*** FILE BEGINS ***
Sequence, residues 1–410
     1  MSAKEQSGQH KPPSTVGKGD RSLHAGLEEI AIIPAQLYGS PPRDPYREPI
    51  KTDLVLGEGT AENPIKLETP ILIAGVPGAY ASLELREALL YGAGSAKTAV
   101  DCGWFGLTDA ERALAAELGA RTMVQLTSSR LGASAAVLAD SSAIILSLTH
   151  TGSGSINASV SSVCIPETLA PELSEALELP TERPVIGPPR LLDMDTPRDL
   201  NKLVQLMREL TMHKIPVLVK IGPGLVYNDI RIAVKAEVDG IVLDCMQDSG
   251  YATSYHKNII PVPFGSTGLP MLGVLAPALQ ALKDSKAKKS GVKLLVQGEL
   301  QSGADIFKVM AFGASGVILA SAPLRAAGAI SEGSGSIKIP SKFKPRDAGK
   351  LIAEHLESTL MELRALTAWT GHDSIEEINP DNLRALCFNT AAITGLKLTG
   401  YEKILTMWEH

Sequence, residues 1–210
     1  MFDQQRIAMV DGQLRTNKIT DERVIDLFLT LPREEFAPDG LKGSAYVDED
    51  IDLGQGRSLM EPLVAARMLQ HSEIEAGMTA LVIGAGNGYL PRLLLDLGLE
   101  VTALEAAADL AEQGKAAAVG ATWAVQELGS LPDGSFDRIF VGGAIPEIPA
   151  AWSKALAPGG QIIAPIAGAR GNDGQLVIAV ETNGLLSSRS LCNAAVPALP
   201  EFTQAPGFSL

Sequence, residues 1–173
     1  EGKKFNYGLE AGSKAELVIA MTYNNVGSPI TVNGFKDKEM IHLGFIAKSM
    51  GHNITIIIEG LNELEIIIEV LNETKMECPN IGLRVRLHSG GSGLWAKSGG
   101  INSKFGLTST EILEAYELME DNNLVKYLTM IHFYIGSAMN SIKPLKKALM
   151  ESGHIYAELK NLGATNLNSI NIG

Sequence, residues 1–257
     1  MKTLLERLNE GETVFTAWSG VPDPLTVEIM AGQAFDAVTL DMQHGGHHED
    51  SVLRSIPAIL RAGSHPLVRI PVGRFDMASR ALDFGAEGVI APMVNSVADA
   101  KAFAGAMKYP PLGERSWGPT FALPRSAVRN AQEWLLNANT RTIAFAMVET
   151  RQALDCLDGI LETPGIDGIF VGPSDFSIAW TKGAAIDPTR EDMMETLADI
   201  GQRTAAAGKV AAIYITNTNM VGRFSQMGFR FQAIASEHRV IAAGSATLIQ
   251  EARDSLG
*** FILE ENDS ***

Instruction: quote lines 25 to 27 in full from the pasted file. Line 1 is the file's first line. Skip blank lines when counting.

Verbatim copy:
   101  KAFAGAMKYP PLGERSWGPT FALPRSAVRN AQEWLLNANT RTIAFAMVET
   151  RQALDCLDGI LETPGIDGIF VGPSDFSIAW TKGAAIDPTR EDMMETLADI
   201  GQRTAAAGKV AAIYITNTNM VGRFSQMGFR FQAIASEHRV IAAGSATLIQ